• Barn doors
  • … and a lot more

 

B6) TWO HEADS ARE BETTER THAN ONE

One flash not dishing out enough power? Then combine two of them together. Godox sure comes up with some fascinating ideas, and with the AD-B2, you can use two AD200 like one powerful monobloc studio flash… But you will need to buy 2 AD200 units to make this work.

Note: Godox is branded a little differently in some countries, and the AD200 is known as eVOLV 200 in certain places. The AD-B2 is also known as the eVOLV Twin Head Bracket.

 

CONCLUSION
EXCELLENT, NOT PERFECT

Overall, I cannot help but be very impressed with the Godox AD200. Lightweight, portable, versatile, and decently powerful. While this may be one of the best gadgets out there, there is one small hiccup that I still wish to pick on.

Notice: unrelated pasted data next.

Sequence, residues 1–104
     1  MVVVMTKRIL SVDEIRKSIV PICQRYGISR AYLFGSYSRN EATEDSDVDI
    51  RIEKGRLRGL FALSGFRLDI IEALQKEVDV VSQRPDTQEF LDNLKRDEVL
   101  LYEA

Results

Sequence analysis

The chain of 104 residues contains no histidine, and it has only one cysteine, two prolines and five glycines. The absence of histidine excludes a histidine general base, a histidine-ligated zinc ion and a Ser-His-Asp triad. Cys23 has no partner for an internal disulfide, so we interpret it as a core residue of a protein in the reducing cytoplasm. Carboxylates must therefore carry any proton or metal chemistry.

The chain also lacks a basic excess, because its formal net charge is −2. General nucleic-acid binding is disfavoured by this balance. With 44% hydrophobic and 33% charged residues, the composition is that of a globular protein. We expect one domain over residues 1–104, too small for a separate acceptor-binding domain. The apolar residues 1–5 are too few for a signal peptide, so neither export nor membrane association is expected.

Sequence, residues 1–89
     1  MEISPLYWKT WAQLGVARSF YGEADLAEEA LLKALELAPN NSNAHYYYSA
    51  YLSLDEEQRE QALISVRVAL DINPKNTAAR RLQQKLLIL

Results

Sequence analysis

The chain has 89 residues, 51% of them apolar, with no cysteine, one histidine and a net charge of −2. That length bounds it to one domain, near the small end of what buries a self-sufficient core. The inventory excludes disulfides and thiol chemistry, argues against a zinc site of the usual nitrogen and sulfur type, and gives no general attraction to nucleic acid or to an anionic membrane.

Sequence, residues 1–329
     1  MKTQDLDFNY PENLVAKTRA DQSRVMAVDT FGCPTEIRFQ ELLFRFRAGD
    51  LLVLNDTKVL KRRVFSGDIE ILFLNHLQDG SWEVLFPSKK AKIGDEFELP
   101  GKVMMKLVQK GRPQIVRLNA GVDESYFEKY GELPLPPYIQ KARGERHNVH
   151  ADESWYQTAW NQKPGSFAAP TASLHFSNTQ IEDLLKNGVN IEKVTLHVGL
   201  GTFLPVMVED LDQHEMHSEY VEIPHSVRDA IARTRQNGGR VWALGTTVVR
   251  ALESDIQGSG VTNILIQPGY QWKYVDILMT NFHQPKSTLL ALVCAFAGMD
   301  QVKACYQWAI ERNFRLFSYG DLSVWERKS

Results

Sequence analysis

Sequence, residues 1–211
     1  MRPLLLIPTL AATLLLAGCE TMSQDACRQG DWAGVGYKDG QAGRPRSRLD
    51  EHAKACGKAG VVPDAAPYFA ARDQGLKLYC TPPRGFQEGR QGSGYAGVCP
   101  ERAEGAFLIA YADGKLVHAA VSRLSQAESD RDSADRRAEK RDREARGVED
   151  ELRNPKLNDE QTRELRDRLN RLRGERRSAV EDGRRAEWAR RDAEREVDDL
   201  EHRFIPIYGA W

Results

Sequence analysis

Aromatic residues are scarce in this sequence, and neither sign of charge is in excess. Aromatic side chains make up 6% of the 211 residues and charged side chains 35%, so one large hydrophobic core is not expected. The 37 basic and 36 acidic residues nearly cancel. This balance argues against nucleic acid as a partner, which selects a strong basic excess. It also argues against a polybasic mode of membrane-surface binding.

The AD200 is made to be a “powerful lightweight flash”, but it lacks a hotshoe. There is absolutely no way for you to use it as an on-camera flash, and the head does not rotate. I guess the reason why they gave a light stand adapter is that the AD200 is meant to be an off-camera flash unit.

Luckily for you guys, if you are looking for a powerful on-camera flash, there is always the big brother AD-360. Both of which, I will say are worthy buys.

 

THE GOOD

  • Lightweight and portable.
  • Very versatile lighting unit.
  • Affordable strobe alternative.
  • Tons of accessories available.
  • Good battery life.
  • High-speed sync, TTL, and integrated wireless!

THE BAD

  • Not as powerful as a good studio monoblock strobe.
  • Slow recycle time.
  • Not quite a bad thing, but missing the hotshoe as a portable lightweight flash.
  • Can only be used off-camera.


Share

Leave a Comment